Capital Commentary is the weekly current-affairs publication of CPJ, written to encourage the pursuit of public justice.

A Real Discussion on Race

Michael J. Gerson


A Real Discussion on Race

July 19, 2013

By Michael J. Gerson

This is a transcript of a radio address broadcast for the Center for Public Justice on KDCR radio in Sioux Center, Iowa. 

The trial and verdict in the Trayvon Martin case have provoked a vigorous and bitter national argument. We know that an innocent young man lost his life.  We know that a jury examined the evidence and did not believe a murder was committed. We still don’t know all the details of that terrible night. 

Some argue this was a case of racial profiling; others argue that it was criminal profiling, in which race played only a limited role.  There is little question, in my view, that George Zimmerman’s aggressive tactics helped provoke an unnecessary confrontation.  The tragic outcome, however, does not fit neatly into anyone’s political or ideological narrative. 

This has not stopped commentators from drawing simplistic lessons, and the resulting debate has often had more heat than light. 

In any case like this, no matter the details, the unavoidable context is race – a long history of prejudice and oppression that began before America’s founding and did not end with the Civil Rights Act of 1964.  The wounds of this history remain understandably raw. 

The question for leaders, in politics, religion, and the press, is this: How do we turn a polarizing tragedy into a useful national discussion?  How do we address these tensions instead of exploiting them?  

We should begin with a recognition: Young African-American men face a series of cultural, legal, and economic challenges that are very real. They often face suspicion and hostility. Their rates of incarceration are disproportionately high; their rates of workforce participation are disproportionately low. More than 50 percent now drop out of school. And their problems have gotten worse for decades, in good economic times and bad.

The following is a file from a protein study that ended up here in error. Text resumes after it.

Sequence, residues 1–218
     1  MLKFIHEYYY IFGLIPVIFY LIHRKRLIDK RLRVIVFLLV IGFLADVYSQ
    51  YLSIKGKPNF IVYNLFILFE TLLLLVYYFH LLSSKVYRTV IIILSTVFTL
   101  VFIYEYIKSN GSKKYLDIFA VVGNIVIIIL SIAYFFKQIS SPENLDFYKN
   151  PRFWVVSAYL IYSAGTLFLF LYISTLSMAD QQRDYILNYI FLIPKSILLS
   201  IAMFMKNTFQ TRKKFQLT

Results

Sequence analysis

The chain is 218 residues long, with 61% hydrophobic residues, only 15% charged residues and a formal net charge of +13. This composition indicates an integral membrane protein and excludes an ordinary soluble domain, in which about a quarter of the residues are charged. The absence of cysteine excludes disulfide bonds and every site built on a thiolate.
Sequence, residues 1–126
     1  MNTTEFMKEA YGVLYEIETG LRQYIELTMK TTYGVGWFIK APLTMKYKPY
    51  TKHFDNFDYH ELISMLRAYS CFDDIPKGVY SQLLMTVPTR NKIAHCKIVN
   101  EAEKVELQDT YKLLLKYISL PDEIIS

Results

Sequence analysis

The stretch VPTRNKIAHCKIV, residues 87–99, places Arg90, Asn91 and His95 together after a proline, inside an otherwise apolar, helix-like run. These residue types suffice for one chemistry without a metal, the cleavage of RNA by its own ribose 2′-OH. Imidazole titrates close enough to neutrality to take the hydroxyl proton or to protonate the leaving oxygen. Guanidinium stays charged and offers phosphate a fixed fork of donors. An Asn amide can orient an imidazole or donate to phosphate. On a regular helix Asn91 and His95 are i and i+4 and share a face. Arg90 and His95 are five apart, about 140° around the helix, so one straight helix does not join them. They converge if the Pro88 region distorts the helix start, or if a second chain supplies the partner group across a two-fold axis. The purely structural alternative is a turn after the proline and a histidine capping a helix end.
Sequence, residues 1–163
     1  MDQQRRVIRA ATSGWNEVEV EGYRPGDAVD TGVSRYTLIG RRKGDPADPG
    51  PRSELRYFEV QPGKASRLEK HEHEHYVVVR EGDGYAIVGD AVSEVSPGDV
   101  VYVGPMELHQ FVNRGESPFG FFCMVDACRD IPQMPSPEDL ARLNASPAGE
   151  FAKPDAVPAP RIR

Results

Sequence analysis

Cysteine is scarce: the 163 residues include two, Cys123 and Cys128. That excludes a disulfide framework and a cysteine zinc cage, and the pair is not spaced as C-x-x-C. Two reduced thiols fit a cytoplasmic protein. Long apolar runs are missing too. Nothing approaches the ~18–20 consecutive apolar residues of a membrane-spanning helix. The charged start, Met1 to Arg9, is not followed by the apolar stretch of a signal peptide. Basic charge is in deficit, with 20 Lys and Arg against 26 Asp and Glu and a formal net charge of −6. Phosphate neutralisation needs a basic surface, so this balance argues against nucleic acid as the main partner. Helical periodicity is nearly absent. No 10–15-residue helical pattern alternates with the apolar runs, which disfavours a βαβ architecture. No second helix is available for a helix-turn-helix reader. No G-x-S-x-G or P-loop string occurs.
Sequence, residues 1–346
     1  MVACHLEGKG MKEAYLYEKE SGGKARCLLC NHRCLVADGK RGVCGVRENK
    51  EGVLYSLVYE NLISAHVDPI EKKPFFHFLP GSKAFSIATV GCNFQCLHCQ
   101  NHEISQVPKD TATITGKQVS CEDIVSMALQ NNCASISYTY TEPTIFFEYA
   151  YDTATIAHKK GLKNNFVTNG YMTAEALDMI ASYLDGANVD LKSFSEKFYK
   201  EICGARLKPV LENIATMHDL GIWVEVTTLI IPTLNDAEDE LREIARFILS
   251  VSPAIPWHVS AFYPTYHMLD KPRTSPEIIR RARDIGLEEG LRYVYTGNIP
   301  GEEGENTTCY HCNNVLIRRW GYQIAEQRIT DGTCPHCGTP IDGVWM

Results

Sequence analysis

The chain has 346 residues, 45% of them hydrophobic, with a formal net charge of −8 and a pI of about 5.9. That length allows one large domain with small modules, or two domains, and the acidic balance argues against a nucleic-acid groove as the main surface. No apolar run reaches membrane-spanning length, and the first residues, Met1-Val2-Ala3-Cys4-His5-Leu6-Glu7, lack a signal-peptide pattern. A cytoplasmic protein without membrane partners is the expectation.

Social scientists debate which are the greatest causes of these problems, but they generally agree on the list. Absent parents.  Lingering racism.  Declining blue-collar employment opportunities. Failing schools. The growth of an “oppositional culture” that undermines achievement. Child-support policies that unintentionally penalize honest work.  An incarceration boom that has made ex-offenders less employable.

 If America wants to have real discussion on race, it could begin here: with the vast, increasing segregation of African-American men and boys from the promise of their country. It is, perhaps, the largest single threat to the unity of America, but it is largely absent from the national debate.

It is easy to talk about the details of a sensational court case on television.  It is difficult to look deeper at the reality and causes of racial and social division.  And it is harder still to propose policies that might help bridge that division in practical ways.  But that should be our goal. 

-  Michael J. Gerson is nationally syndicated columnist who appears twice weekly in The Washington Post. He is the author of Heroic Conservatism (2007) and the co-author of City of Man: Religion and Politics in a New Era (2010).

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Capital Commentary is a weekly current-affairs publication of the Center for Public Justice. Published since 1996, it is written to encourage the pursuit of justice. Commentaries do not necessarily represent an official position of the Center for Public Justice but are intended to help advance discussion. Articles, with attribution, may be republished according to our publishing guidelines.”